Kyle Potter, Published March 08 2014
Oxbow leaders scrap plan to pay themselvesOXBOW, N.D. – City officials here are backing away from a plan that would have paid a local seven-member board up to $6,500 a month to oversee the construction of a ring dike around the area.
Oxbow’s City Council last week approved a plan for the town’s recently formed Job Development Authority to handle project management for the ring levee around Oxbow, Hickson and Bakke – a $65 million project meant to mitigate the effects of a proposed $1.8 billion flood diversion channel around the metro.
But after backlash and some squeamish reaction from diversion officials, Mayor Jim Nyhof – who also serves as chair of the development authority – said he will officially scrap the idea at its meeting next Tuesday and instead ask the Diversion Authority to help hire an independent project manager.
“We didn’t get the reception we were hoping for,” said Nyhof, who framed the idea as a cost-saving measure.
The development authority would have worked on a contract for $800,000 total, as compared to the bids from firms at $1.2 million or more.
“It probably doesn’t look right,” he conceded of the development authority’s plan, which he declared dead.
The project manager dustup stems from an agreement, finalized in August, between the city and the Diversion Authority for the construction of the ring dike around Oxbow, Hickson and Bakke. Part of their memorandum of understanding stated the Diversion Authority will cover 10 percent of administrative costs and 15 percent of engineering costs.
In an interview Friday, Nyhof said it didn’t make sense to pay out more than $1 million to a project manager for a project that “doesn’t need a full developer’s attention.” The Oxbow City Council officially formed its Job Development Authority in December, and began discussing a project manager soon after, meeting minutes show.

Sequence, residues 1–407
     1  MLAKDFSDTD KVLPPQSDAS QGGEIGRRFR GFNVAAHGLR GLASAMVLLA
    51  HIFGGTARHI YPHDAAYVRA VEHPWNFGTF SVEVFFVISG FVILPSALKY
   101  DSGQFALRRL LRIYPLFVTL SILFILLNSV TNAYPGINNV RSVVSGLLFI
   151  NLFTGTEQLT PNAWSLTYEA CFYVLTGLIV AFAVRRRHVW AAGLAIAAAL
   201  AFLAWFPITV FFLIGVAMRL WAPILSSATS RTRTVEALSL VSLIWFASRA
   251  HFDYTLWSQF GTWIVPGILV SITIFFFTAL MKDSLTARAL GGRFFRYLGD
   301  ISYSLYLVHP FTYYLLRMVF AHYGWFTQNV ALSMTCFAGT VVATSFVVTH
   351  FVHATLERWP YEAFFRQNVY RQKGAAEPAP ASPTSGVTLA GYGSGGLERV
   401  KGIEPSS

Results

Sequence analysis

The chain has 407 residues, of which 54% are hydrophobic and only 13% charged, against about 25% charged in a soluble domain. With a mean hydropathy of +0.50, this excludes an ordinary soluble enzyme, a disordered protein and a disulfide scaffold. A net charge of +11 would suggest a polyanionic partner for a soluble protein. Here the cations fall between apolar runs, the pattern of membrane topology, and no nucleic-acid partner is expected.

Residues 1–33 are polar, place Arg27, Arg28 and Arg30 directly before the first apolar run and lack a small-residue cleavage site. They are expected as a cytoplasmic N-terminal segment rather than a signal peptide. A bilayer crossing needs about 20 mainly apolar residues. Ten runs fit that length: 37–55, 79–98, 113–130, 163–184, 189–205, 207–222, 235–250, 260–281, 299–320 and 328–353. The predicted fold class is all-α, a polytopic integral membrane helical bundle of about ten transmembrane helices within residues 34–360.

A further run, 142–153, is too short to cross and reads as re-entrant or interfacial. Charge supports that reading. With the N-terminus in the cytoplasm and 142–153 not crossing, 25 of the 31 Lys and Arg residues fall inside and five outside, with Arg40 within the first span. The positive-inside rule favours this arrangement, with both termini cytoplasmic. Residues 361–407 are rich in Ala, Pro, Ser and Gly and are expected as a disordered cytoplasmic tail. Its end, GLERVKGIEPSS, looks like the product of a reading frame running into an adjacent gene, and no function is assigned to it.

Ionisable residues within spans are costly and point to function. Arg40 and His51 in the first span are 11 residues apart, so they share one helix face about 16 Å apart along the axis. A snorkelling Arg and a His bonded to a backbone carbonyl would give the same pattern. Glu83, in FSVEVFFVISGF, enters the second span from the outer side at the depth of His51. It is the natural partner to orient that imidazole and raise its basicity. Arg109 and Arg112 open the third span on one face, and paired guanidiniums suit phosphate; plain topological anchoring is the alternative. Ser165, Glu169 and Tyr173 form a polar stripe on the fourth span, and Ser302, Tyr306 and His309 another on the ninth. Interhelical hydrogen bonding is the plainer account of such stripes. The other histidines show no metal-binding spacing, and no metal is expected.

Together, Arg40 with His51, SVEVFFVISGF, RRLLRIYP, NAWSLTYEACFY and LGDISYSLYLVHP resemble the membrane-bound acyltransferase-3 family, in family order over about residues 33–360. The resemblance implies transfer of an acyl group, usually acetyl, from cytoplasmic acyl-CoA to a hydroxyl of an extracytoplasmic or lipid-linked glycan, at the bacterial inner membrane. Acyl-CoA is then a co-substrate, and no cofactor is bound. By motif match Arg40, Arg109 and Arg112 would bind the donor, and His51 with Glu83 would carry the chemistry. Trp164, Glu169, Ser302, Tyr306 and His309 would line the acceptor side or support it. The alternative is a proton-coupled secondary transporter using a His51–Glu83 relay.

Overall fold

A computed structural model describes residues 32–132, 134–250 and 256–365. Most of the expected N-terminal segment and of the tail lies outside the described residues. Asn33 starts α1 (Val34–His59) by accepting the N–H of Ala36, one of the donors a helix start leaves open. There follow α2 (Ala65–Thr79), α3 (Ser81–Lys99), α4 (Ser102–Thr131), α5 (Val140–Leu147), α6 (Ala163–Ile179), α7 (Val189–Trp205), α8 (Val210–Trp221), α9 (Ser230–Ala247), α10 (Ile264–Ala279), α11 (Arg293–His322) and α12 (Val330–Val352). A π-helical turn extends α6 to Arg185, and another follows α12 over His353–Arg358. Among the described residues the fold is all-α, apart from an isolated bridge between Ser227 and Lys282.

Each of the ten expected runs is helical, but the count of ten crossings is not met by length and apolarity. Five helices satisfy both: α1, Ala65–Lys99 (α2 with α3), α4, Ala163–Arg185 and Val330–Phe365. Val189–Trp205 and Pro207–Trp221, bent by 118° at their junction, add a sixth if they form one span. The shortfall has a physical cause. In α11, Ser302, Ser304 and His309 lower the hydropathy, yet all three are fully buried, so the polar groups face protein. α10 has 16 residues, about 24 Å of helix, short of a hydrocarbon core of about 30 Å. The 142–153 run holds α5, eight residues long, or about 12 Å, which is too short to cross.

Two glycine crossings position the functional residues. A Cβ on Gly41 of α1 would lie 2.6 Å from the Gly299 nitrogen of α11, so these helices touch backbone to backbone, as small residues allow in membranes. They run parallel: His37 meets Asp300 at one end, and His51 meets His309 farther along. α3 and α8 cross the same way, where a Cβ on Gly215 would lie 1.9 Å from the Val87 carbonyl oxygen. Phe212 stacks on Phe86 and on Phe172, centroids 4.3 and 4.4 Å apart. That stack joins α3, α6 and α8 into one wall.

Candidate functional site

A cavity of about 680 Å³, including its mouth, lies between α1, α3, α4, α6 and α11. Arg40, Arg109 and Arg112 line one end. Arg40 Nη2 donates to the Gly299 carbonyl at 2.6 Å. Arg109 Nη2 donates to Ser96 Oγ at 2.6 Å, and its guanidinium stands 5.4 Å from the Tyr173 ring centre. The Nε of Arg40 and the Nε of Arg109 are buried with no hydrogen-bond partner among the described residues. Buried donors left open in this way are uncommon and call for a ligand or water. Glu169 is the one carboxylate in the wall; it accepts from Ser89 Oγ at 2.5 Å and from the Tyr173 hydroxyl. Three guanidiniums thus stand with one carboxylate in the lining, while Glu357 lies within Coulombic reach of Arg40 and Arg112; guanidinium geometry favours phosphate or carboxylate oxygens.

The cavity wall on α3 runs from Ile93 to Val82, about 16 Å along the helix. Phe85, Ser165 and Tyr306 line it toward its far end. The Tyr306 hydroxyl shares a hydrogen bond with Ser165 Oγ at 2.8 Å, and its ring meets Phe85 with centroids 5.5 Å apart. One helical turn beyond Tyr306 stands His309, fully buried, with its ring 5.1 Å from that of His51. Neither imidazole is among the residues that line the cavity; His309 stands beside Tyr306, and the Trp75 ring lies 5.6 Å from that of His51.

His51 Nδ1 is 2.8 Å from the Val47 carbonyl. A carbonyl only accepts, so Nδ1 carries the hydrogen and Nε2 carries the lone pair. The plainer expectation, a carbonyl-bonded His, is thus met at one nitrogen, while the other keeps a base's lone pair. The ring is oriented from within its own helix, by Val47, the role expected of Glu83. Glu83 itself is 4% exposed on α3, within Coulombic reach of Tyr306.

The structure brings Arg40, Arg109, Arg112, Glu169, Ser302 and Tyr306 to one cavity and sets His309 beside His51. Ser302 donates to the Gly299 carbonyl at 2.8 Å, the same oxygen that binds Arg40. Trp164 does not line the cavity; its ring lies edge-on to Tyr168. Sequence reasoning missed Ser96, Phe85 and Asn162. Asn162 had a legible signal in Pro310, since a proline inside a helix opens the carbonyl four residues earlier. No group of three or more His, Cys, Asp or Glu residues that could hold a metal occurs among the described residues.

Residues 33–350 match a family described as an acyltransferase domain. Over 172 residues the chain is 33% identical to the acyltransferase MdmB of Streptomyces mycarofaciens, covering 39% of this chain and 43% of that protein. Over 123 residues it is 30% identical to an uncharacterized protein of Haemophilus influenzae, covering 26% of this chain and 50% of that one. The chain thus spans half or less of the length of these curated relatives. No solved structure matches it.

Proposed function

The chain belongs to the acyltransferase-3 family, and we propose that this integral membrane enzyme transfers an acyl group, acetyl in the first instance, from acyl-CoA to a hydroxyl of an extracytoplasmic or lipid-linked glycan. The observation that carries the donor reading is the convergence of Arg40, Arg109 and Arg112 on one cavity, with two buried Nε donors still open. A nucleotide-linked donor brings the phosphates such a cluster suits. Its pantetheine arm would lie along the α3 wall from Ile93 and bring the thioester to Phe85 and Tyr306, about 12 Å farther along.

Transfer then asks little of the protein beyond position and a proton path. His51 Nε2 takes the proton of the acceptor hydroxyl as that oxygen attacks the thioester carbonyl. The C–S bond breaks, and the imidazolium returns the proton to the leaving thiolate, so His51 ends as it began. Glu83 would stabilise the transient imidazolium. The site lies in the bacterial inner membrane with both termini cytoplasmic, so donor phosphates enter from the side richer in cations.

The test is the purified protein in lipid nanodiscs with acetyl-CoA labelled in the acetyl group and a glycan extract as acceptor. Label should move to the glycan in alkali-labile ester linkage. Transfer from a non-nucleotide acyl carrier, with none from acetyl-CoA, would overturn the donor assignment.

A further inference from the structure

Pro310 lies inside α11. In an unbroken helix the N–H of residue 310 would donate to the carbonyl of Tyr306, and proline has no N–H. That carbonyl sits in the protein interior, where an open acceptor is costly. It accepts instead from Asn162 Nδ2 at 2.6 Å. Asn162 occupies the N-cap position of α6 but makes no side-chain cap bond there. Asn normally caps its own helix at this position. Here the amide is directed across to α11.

In a meeting with The Forum’s editorial board last week, local diversion leaders said they were surprised to learn the members of Oxbow’s Job Development Authority had decided to award the contract to themselves.
Several diversion officials openly wondered whether Nyhof and the six other members on Oxbow’s Job Development Authority had the expertise to handle project management for the ring dike. Others said they worried about the appearance of city officials funneling money, which could be leveraged by diversion opponents.
“They’re being a little tone deaf to what’s going on with the politics here,” said Fargo City Administrator Pat Zavoral.
In an interview Friday, Diversion Authority Chairman Darrell Vanyo called Nyhof’s decision to back away from that plan “a wise move.”
He said he didn’t urge Nyhof to scrap the proposal but called the mayor to let him know the idea of paying local board members to oversee the project didn’t feel right.
There was also a question of legality. Though state law allows development authority members to be reimbursed for work-related expenses, it specifically bans direct compensation for that work.
Nyhof said several lawyers reviewed and signed off on the development authority’s proposal.
Nathan Berseth, a spokesman for a group of diversion opponents called the MnDak Upstream Coalition, said it was clear Nyhof and the other authority members wanted an extra paycheck.
“I think that everybody involved realized it was a horrible decision,” Berseth said of the backlash.
Vanyo said he believes there is a way to reduce the costs of project management for the ring dike in Oxbow “without making it look like somebody’s benefitting from it.”
Readers can reach Forum reporter
Kyle Potter at (701) 241-5502